And you thought Delhi Street food consists of chaat, golgappe, tikki, samose and chhole bhature! Well, there was a time when it was true but today Delhi has one more dish on its menu – Momos!
Momos are one of the most versatile and the most experimented dishes of the recent times. Who had ever thought that this Nepalese/Tibetan delicacy of steamed dumpling with some form of filling will become such an integral part of Indian Food Culture, especially Delhi?
Though the Momos have been around in Delhi for a long time owing its humble beginnings to Tibetan Refugee Colony in Majnu ka Tilla and Yashwant Place Market in Chanakyapuri. Since then it has been popular among youth especially college students. Being a budget food option, which is filling as well as suits the spicy taste buds of the youngsters, momos had become instantaneously popular.
And with Dilli Haat introducing State food stalls, the momos served in North-Eastern states’ food stalls became the preferred choice among people of all ages and cultures. And today they have become an integral part of Delhi’s food culture and momo-stalls can be found in every nook and corner of the state.
Initially, the experimentation was limited to veg and non-veg fillings for momos, but the past decade has seen a marked evolution in the variety of momos too across the country. So much so, that there are restaurant chains opening serving a wide variety of momos.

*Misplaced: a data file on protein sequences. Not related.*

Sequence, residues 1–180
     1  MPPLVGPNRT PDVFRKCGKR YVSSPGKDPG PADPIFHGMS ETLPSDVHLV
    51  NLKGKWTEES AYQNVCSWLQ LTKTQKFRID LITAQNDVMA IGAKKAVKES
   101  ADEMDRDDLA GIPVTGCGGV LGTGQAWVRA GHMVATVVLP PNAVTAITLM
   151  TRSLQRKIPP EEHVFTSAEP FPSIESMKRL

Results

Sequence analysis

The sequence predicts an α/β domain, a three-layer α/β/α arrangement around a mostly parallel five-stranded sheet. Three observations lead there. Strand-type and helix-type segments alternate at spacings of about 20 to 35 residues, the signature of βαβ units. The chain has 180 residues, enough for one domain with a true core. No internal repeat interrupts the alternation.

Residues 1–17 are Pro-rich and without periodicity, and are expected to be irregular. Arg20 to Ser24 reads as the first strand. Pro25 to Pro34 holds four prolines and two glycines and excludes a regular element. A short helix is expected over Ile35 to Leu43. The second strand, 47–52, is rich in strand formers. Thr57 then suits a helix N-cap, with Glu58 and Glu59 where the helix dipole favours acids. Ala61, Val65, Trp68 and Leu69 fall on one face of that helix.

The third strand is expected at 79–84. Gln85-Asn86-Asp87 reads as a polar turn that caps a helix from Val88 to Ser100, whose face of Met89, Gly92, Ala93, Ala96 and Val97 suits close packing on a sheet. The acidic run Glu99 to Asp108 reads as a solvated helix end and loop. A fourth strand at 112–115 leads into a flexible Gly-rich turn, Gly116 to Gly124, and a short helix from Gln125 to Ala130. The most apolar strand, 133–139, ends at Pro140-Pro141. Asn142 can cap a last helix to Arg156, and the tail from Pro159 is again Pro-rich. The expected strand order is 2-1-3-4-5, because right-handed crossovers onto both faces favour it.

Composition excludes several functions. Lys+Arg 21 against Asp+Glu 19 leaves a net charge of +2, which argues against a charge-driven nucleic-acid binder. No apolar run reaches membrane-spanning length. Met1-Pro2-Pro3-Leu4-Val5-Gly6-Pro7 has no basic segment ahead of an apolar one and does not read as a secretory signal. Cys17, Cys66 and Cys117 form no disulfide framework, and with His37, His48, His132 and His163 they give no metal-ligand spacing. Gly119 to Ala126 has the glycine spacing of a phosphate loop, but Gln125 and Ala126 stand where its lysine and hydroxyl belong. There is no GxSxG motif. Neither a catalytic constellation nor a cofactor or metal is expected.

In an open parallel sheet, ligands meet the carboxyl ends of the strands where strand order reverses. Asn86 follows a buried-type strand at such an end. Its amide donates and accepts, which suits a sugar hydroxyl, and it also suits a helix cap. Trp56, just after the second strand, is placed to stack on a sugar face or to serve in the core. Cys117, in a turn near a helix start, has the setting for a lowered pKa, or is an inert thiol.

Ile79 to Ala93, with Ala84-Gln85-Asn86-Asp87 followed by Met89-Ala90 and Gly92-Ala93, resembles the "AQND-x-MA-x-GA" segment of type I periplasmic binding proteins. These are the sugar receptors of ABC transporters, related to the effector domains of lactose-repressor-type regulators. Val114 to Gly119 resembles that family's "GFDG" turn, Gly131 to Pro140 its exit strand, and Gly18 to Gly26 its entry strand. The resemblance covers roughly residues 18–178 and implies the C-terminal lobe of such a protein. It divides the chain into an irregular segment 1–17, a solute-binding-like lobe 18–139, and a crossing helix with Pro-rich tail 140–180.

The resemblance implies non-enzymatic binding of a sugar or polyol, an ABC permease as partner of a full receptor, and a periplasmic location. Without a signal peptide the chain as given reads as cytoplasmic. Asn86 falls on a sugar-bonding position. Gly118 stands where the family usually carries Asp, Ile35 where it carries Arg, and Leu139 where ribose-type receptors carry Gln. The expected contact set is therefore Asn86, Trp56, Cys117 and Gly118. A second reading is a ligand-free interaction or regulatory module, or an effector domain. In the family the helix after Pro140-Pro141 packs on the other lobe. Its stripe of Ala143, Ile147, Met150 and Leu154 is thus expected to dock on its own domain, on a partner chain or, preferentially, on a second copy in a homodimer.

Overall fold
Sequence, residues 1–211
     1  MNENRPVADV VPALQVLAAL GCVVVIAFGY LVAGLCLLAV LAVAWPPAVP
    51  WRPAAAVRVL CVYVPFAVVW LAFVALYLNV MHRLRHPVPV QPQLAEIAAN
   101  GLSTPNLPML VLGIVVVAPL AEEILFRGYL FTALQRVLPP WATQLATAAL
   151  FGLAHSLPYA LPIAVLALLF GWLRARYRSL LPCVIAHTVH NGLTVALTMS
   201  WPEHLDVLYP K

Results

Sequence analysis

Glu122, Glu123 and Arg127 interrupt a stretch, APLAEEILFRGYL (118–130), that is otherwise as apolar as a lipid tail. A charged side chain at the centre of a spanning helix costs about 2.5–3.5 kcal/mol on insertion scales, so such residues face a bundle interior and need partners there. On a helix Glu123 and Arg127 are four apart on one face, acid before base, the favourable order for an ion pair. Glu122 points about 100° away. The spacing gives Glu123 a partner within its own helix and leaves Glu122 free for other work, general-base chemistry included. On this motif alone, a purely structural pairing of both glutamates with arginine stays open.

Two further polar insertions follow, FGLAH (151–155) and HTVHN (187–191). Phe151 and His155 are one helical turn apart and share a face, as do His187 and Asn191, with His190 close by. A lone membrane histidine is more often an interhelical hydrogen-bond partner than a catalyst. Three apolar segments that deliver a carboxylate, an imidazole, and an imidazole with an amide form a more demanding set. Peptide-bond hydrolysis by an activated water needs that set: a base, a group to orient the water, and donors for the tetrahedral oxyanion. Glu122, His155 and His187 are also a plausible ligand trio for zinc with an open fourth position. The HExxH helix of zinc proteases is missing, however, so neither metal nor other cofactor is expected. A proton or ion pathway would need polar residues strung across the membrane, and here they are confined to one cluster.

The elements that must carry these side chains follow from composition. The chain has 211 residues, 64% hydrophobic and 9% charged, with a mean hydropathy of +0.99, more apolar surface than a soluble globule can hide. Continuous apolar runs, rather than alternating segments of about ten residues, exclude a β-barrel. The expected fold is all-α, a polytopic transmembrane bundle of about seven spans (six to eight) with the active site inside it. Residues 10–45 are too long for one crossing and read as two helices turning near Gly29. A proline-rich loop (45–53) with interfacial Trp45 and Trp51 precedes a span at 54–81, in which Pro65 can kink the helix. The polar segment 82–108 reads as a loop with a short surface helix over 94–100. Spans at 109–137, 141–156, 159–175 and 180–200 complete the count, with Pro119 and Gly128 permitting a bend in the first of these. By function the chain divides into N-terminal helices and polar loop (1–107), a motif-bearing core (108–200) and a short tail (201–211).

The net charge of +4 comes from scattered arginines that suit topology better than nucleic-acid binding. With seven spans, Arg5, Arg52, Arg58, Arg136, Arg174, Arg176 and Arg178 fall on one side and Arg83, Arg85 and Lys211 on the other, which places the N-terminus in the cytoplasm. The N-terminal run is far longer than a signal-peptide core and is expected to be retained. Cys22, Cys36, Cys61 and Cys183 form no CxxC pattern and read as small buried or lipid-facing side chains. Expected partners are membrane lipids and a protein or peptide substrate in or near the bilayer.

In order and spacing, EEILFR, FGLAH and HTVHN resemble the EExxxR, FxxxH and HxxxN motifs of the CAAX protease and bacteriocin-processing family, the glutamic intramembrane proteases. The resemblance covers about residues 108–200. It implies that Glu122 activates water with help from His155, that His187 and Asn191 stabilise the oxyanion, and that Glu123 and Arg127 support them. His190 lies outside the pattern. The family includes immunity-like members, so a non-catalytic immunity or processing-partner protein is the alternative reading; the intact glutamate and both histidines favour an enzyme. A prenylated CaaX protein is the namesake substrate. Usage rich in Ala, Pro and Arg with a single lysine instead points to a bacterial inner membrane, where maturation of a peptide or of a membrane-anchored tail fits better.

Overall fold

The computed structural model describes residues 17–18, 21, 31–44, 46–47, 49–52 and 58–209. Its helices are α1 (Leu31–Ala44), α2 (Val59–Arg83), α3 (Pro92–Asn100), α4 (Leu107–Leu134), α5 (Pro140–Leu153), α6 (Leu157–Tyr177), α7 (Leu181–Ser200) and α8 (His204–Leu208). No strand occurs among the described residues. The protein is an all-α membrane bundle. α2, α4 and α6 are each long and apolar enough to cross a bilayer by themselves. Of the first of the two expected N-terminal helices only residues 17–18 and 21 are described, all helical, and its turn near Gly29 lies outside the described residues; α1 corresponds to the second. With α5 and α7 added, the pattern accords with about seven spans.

The most popular being WOW! Momos with 254 outlets in 13 cities in 10 years and still growing as you are reading this article.
Its Amazing to see how this simple steamed dumpling has changed, or adapted to, the taste buds of the country.
Traditionally, a simple white-flour-and-water dough is preferred to make the outer momo covering and the filling is prepared with ground/minced meat. Over the past several years this has changed, and the fillings have become more elaborate.
The meats used included mutton, chicken, pork and fish primarily. Today, there are many vegetarian and eggetarian options available. Some of the popular vegetables to substitute the traditional meat options are cauliflower, cabbage, paneer, mushrooms, soya, tofu, spinach, carrot, potatoes, corn, spring onion today as the non-vegetarian options. And with chocolate filling, the momos have entered the dessert market too.
If fillings have become indigenous, so has the outer covering of momos, with wheat momos and buckwheat momos becoming equally popular today.
The experimentation didn’t stop there. Earlier, there were two varieties of momos – fried and steamed. Today the market has expanded, rather bursting, with varieties such as Tandoori, Afghani, Kothe, Schezwan, Pan-fried, soupy, sweet, jhol and open momos. It won’t be a surprise if more varieties are introduced tomorrow.
And if that wasn’t enough, the restaurant chains have brought in momo thalis, momo sizzler, baked momo, momo burger, momo pasta as well as sharabi momos
The popularity of this dish can be gauged from the fact that Delhi has been organising Momo Festival and its hugely successful. The footfalls at the event are increasing every year.
All this just shows that the momos have taken over the food market with a storm and they are here to stay. Future generations may not even believe that Momos are not an Indian dish like samosas.